Taoiseach Enda Kenny has formally refused a second invitation to debate the European fiscal treaty with Sinn Féin leader Gerry Adams.
With just over two weeks until referendum day, the Taoiseach turned down TV3’s latest offer for the live television broadcast.
Sinn Féin deputy leader Mary Lou McDonald accused Mr Kenny of running from the consequences a Yes vote victory the referendum would bring.
“It is very telling that Mr Kenny is running away from this debate. He obviously does not want to debate the consequences of austerity and cutbacks for the Irish people,” she said.
The Taoiseach turned down TV3’s first invitation last week, saying he would not take part in any programme involving veteran broadcaster Vincent Browne.
The debate moderator offered to step aside from the show, given the public interest in seeing the leader of the Yes campaign go head-to-head with a senior No campaigner.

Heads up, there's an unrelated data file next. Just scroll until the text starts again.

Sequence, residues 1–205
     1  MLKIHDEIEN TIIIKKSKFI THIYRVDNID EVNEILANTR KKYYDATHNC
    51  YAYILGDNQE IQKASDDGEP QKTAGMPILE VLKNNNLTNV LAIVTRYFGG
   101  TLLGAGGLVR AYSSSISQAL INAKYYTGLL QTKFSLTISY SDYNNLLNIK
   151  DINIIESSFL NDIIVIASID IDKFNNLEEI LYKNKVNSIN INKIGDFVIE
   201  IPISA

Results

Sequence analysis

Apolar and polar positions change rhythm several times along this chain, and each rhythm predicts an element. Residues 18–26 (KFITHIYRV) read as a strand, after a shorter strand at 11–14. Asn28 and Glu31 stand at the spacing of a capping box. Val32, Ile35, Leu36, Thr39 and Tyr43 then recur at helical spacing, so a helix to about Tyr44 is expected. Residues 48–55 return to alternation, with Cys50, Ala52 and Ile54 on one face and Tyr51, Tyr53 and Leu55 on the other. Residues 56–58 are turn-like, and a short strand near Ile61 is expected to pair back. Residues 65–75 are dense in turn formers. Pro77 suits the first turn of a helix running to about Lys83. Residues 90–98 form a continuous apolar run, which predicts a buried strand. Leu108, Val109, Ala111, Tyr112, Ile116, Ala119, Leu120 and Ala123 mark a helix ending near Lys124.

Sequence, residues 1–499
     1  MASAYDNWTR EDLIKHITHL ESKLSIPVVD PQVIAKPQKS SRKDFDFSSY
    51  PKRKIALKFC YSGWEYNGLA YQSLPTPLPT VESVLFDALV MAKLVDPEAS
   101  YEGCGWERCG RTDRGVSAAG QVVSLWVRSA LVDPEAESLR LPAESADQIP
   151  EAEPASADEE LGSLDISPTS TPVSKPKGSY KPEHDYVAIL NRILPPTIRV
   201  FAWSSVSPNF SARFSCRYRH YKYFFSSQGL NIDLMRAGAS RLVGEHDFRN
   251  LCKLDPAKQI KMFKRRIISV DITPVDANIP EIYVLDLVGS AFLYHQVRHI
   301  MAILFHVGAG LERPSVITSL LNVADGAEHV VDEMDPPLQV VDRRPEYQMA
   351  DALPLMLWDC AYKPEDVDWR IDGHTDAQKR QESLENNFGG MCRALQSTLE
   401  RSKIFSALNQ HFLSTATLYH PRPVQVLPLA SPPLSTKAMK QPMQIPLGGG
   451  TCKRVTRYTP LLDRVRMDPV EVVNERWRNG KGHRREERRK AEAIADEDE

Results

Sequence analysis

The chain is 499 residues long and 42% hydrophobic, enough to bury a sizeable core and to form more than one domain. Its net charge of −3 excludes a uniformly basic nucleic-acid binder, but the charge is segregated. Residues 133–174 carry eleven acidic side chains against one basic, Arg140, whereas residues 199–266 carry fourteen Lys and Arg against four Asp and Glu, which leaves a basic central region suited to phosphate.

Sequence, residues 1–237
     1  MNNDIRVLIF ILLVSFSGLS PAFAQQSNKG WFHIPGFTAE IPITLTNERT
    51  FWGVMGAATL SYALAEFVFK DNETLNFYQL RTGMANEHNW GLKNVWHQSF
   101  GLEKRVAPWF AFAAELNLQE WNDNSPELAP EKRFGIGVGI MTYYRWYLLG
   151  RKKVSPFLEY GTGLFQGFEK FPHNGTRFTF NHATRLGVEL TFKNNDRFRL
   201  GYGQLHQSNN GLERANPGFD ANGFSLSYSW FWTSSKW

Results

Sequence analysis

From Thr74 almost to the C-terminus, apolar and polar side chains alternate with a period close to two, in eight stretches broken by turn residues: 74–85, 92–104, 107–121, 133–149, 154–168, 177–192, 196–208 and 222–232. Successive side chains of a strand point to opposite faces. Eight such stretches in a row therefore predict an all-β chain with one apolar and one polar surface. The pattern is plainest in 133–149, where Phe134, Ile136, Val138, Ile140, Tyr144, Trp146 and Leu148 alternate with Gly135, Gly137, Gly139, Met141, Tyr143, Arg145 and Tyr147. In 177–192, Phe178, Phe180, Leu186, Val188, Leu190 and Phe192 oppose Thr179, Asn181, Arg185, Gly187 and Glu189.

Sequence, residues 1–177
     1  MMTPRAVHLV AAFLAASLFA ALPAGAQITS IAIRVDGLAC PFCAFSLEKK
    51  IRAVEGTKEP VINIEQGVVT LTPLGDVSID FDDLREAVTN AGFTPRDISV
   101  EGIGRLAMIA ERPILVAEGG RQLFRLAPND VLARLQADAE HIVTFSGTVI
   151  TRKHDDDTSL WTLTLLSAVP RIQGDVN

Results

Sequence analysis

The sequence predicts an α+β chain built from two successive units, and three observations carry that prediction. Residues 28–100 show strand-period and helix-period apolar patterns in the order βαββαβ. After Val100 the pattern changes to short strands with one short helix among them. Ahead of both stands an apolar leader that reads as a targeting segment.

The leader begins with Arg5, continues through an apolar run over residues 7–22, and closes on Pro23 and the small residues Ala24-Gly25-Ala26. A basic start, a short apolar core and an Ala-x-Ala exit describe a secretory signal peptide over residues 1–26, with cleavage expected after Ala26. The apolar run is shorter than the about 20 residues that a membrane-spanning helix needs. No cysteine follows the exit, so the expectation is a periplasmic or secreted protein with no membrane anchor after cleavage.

Despite the station’s political correspondent Ursula Halligan being drafted in as a replacement, the Taoiseach has insisted he will not take part.
Ms McDonald claimed Mr Kenny was worried that he will not come out of it well.
“There’s an expression that says you can run, but you cannot hide,” she said.
“He may be running, but he can’t hide from this treaty and its consequences.”
Mr Kenny refused to participate in a TV3 debate in the run-up to last year’s general election due to bad blood between himself and Mr Browne.
A Government spokesman confirmed that the Taoiseach had turned down TV3’s latest offer and that he would formally inform the station in writing.
Meanwhile, Mr Kenny came under further fire from the opposition today when Fianna Fáil’s Michael McGrath said he needed to develop thicker skin.
The party’s finance spokesman said the Taoiseach had behaved disrespectfully towards a member of the public in Athlone yesterday when he told him he looked like he could do with a day’s work. The man was one of a number of protesters challenging Mr Kenny on septic tank and household charges.
“I think that was very disrespectful,” said Mr McGrath.
“All of us in politics have to understand that people are really hurting at the moment.”